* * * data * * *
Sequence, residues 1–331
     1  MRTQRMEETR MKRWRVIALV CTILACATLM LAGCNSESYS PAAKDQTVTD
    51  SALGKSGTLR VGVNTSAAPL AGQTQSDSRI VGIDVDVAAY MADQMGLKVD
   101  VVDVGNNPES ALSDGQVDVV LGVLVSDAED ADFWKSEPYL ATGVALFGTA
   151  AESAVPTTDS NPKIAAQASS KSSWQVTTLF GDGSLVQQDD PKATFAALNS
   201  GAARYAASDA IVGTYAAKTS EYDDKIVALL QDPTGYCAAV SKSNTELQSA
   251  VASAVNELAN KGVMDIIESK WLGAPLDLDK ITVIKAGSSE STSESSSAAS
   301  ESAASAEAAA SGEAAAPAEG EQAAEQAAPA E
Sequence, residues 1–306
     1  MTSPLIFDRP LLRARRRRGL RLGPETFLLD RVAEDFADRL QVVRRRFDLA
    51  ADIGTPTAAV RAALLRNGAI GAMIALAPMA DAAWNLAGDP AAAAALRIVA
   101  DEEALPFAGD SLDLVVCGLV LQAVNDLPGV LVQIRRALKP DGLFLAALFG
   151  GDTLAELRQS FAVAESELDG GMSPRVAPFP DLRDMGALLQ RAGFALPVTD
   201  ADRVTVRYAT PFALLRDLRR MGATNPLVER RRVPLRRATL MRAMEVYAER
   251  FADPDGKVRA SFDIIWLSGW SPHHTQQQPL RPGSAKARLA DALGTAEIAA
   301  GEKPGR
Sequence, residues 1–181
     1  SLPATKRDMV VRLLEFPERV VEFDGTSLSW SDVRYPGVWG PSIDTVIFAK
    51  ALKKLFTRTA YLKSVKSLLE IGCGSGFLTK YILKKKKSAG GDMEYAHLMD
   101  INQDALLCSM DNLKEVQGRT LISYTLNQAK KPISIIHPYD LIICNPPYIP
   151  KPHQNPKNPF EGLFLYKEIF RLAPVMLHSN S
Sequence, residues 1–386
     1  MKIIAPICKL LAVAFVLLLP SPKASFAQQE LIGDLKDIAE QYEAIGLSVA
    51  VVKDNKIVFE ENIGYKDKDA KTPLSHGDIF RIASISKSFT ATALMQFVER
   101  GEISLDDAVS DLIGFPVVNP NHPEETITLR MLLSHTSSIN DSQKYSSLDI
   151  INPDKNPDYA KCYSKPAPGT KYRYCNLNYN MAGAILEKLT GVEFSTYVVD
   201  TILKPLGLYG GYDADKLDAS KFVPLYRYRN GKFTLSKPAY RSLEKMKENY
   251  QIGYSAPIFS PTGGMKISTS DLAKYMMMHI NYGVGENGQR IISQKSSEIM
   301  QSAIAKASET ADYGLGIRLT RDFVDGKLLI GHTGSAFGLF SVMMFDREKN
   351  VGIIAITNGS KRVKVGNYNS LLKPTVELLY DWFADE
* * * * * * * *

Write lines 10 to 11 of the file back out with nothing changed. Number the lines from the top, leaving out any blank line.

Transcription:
     1  MTSPLIFDRP LLRARRRRGL RLGPETFLLD RVAEDFADRL QVVRRRFDLA
    51  ADIGTPTAAV RAALLRNGAI GAMIALAPMA DAAWNLAGDP AAAAALRIVA